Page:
Friday, December 05, 2008

On Sanskara

Oh, look. How sad. H.M., the famous amnesiac, has died at the age of 82.

As a result of an experimental brain operation in 1953 to address a seizure disorder, H.M. lost not only most of his existing memory but his ability to form new memories. Those of you who saw the film Memento are familiar with the syndrome - anything new that happens is forgotten within about 20 seconds, so that every experience in the world seems new; the world is constantly refreshing itself.

"He was recognized as the most important patient in the history of brain science. As a participant in hundreds of studies, he helped scientists understand the biology of learning, memory and physical dexterity, as well as the fragile nature of human identity."

By studying his mind, scientists saw that there were at least two systems in the brain for creating memories. One, known as declarative memory, records names, faces and new experiences, and stores them until they are consciously retrieved. This system depends on the function of medial temporal areas, particularly an organ called the hippocampus, now the object of intense study. Another system, commonly known as motor learning, is subconscious and depends on other brain systems. This explains why people can jump on a bike after years away from one and take the thing for a ride, or why they can pick up a guitar that they have not played in years and still remember how to strum it.

Not too long ago, I wrote here about the role of "memory" (sanskara) in defining the ego-self. Following Red Pine, I said that memory provides us the templates that perception applies to sensation. It embraces all of the ways we have dealt with what we have experienced in the past and that are available to us as ways to deal with what we find in the present. It includes habitual behavior patterns such as intelligence, belief, shame, confidence, indolence, pride, anger, envy, sloth, repentance, doubt – anything that might provide us with a prefabricated set of guidelines from the past with which to perceive and deal with the world, both inside and out, as we experience it in the present.

H.M.'s condition tells us something about sanskara as well as physiology, for despite his condition, he was nonetheless a self-conscious presence, as open to a good joke and as sensitive as anyone in the room. Once, a researcher visiting him turned to his doctor while he was standing right there in front of them and remarked on how interesting a case this patient was. Since he was in clear ear-shot of this remark, he blushed and mumbled how he didn’t think he was all that interesting and moved away, a self-conscious response to an embarrassing situation.

Sanskara had provided H.M. with a way to react to the situation, even though his mind was free of declarative memories. Despite his condition, he could recount childhood memories of hiking in the mountains, road trips with his parents, target shooting in the woods near his house. Gist memories, as they're called. He had these memories, but he couldn’t place them in exact time, he couldn’t put them together into a personal narrative.

So sanskara is not to be found in declarative memory, in the hippocampus. And gist memories seem to me to be traces of declarative memory, mere echoes or ghosts in the machinery of the mind, and not the repository of the templates of sanskara.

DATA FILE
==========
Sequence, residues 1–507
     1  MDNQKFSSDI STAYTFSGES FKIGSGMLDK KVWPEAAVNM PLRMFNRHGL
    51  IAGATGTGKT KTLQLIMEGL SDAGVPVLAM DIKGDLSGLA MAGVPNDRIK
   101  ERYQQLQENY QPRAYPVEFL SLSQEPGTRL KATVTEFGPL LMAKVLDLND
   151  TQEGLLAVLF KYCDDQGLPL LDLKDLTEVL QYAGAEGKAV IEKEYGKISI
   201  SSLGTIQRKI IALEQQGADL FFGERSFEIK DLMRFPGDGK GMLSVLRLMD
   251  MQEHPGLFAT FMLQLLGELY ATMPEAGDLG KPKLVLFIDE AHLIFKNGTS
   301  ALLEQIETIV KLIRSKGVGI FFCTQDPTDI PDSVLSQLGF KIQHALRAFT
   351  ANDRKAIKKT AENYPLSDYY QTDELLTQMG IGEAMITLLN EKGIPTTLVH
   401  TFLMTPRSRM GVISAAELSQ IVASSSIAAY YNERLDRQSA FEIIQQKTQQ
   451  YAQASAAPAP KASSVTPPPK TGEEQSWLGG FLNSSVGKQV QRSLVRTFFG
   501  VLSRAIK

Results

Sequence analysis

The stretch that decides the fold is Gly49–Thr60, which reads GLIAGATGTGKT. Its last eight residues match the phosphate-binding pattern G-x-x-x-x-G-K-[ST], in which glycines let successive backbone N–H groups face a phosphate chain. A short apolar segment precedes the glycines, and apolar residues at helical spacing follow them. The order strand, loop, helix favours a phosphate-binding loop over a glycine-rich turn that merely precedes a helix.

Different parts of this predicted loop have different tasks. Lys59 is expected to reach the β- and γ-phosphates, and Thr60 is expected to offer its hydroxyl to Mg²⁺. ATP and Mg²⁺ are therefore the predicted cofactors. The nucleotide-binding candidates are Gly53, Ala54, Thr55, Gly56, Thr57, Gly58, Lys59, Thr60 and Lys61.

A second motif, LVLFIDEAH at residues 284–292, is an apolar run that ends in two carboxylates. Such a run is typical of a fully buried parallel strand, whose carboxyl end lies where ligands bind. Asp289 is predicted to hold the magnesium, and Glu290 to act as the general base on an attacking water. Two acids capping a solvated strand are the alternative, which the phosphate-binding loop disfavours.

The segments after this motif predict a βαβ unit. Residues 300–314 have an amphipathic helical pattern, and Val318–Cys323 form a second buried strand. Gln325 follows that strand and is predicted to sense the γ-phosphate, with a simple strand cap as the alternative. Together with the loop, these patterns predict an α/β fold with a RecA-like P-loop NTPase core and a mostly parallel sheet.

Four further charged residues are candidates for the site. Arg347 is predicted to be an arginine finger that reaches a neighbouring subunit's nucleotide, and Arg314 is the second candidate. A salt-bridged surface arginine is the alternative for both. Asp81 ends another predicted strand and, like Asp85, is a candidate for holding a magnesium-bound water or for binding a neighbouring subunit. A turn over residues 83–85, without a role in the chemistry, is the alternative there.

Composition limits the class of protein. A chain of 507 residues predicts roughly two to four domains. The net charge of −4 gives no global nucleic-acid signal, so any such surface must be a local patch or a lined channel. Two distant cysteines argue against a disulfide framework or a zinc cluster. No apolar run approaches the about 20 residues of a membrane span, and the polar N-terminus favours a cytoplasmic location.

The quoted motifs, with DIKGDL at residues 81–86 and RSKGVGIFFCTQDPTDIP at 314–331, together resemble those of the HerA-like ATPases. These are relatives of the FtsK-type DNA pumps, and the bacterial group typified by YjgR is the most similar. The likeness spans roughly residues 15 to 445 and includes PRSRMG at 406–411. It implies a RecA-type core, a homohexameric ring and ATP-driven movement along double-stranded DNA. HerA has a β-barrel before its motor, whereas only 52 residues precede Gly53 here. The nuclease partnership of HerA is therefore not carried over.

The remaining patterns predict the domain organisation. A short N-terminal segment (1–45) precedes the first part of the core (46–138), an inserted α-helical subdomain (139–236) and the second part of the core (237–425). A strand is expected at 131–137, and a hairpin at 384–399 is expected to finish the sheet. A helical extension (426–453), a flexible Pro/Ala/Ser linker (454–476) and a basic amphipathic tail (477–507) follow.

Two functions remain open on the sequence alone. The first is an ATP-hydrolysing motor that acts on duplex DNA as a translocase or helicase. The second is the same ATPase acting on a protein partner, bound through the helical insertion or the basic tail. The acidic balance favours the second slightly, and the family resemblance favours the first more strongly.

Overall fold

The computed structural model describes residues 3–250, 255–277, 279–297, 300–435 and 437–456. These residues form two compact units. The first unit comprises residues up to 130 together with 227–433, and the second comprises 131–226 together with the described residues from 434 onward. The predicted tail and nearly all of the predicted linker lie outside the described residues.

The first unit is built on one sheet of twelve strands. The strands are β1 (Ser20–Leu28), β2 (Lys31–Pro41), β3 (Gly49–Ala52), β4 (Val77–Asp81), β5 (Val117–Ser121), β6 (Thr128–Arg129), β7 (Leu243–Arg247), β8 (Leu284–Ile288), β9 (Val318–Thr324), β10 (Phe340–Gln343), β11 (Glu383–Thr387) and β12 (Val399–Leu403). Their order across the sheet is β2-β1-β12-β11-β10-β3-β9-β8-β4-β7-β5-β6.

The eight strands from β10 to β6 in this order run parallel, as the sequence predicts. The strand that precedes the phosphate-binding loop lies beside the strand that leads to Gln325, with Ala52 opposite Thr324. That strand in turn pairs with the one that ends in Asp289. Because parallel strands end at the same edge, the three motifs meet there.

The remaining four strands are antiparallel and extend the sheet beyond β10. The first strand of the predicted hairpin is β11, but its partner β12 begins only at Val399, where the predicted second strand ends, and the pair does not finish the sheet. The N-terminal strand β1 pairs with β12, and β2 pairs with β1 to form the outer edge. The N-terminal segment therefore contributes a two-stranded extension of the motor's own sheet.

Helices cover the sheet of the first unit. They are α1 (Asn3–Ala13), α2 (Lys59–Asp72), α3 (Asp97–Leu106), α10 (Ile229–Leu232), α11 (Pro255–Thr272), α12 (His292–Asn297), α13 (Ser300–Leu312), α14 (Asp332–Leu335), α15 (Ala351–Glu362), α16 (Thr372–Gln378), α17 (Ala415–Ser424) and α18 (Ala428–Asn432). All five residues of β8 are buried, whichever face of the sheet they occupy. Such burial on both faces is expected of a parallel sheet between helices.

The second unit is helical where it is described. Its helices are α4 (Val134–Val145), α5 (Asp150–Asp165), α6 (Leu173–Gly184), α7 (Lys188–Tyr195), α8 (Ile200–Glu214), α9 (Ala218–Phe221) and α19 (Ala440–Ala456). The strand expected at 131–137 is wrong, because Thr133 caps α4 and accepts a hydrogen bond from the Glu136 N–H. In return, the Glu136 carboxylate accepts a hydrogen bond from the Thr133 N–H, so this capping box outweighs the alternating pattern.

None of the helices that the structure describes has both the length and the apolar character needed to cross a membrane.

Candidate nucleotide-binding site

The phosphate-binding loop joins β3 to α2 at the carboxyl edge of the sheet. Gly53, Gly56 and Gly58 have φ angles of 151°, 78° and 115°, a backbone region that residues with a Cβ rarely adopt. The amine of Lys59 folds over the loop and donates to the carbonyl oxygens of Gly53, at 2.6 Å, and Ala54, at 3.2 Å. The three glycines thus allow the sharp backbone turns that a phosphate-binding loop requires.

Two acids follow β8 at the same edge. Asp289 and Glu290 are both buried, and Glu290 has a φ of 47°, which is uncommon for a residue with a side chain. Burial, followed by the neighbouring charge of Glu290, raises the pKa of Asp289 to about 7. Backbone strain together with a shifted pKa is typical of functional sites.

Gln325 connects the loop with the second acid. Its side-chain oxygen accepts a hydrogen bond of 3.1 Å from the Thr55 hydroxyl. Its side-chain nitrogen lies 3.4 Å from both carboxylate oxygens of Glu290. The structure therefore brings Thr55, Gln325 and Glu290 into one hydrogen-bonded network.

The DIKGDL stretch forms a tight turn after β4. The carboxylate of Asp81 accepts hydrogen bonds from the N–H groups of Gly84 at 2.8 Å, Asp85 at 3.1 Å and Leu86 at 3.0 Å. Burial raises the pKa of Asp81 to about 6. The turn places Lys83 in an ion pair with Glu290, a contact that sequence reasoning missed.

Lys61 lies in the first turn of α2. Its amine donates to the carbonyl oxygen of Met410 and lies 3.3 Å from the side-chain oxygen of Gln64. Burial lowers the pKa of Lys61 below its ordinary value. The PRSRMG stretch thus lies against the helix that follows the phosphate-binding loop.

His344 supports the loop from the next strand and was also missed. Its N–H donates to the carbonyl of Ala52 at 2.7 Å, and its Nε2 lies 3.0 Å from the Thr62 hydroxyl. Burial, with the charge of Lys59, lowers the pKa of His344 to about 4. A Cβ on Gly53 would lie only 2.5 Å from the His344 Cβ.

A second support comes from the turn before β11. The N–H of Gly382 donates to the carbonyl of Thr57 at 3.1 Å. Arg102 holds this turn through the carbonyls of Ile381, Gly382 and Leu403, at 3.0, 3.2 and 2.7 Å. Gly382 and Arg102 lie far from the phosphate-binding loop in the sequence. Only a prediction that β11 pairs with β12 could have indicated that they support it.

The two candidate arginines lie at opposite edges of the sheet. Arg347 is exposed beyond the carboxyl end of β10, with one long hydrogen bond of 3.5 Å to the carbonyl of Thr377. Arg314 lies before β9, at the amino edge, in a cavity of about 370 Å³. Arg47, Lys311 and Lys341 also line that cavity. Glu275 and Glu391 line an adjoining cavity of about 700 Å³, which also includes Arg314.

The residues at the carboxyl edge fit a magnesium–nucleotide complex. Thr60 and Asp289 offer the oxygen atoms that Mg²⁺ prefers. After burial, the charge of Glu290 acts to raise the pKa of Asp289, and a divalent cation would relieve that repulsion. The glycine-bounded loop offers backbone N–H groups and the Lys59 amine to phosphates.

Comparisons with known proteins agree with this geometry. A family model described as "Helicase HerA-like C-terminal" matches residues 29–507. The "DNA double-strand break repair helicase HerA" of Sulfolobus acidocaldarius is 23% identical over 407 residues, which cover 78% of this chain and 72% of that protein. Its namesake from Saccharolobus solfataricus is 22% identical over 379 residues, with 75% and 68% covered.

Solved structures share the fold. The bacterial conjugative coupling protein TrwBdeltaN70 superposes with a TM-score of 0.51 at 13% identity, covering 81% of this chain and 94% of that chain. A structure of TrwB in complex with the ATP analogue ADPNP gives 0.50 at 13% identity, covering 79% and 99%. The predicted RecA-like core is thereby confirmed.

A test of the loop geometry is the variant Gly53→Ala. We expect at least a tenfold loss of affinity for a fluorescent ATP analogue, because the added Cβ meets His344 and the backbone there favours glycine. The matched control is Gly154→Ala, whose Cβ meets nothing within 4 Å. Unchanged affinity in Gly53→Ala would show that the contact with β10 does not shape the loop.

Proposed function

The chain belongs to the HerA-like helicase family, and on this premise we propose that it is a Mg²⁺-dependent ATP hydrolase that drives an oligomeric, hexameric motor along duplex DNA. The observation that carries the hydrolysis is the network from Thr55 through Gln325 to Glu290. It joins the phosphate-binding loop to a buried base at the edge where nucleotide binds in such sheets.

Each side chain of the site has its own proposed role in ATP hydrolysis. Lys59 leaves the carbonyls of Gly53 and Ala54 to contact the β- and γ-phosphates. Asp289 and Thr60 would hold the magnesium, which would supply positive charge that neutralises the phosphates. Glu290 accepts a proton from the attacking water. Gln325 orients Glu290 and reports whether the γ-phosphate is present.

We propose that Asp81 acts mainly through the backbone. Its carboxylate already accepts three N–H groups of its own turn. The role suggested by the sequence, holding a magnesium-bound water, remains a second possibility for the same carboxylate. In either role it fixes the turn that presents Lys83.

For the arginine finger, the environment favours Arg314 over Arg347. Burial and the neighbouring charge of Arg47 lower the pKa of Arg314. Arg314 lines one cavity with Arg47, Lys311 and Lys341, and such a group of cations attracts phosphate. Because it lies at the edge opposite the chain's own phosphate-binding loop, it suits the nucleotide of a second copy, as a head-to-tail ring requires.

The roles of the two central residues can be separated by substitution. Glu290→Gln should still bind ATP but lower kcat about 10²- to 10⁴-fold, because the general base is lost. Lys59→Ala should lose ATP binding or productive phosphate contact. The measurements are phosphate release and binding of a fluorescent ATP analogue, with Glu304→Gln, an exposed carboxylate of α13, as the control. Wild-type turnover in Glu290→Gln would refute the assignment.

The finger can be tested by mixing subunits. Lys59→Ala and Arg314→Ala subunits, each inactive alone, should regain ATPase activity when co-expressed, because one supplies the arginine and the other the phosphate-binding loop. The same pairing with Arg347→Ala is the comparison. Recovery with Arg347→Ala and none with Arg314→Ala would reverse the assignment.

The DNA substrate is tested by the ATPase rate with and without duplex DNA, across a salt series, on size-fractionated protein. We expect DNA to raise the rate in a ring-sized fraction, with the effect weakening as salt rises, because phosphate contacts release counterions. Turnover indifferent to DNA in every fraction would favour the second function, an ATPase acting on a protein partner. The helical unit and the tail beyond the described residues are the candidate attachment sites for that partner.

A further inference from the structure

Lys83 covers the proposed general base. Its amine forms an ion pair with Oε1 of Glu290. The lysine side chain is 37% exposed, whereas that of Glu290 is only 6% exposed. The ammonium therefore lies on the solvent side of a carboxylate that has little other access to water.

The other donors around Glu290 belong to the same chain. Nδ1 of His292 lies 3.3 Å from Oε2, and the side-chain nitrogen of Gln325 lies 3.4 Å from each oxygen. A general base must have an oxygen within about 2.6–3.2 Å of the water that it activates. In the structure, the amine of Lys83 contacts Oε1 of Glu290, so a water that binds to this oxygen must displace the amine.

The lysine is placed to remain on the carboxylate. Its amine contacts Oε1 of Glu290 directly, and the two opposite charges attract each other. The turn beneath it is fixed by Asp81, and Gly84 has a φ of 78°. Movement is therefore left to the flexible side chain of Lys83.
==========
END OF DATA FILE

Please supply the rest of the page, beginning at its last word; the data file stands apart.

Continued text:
It's likely, then, that sanskara, is more closely related to subconscious motor learning than to declarative memory, which in itself has interesting implications in the mind/body duality problem. Just as we rely on motor learning to tell us how to pitch a baseball or refrain from putting our hand on hot objects, so too it provides us with emotional guidelines on how to react to the situations we encounter.

In Buddhism, it's taught that the ego-self is merely the sum of the aggregates of form, sensation, perception, sanskara and consciousness. When any one of these is absent, a sentient being no longer considers itself to be a self. As H.M. was self aware despite his condition, sanskara must have been present. Were it to have disappeared along with his declarative memory, he would have been like a vegetable - not knowing how to perceive any sensation, he would not have known how to react to any situation and would have just stared blankly into space at all times. He would have seemed comatose, but for no identifiable reason, and tragically would have been conscious of this situation and aware of his inability to respond. And since he wouldn't even have known how to respond to his internal sensations, including his awareness of his own catatosis, the concept of an ego-self would not have arisen in his mind.

It is due to sanskara's ability to provide us with responses to perception that it is sometimes translated as "impulse" or "volition," although I think its meaning is broader than either of those two terms. It's ability to provide us with responses to internal perceptions of the mind has led it to be called "mental formations" and even "thought," although I also think there terms also miss the mark. And now, upon contemplating the late, unfortunate H.M., I now realize that sanskara is more specific than the broader term "memory."

1 comment:

GreenSmile said...

Then is our state at birth the one time in a cognitively normal person's life when they have no Sanskara? We learn to walk [physical memory] and to talk [declarative memory] without the aid of any prior experience.

I have my own dim view of "wired for god" notions but it seems that Sanskara, if I have followed the exposition correctly, is something for which we are wired.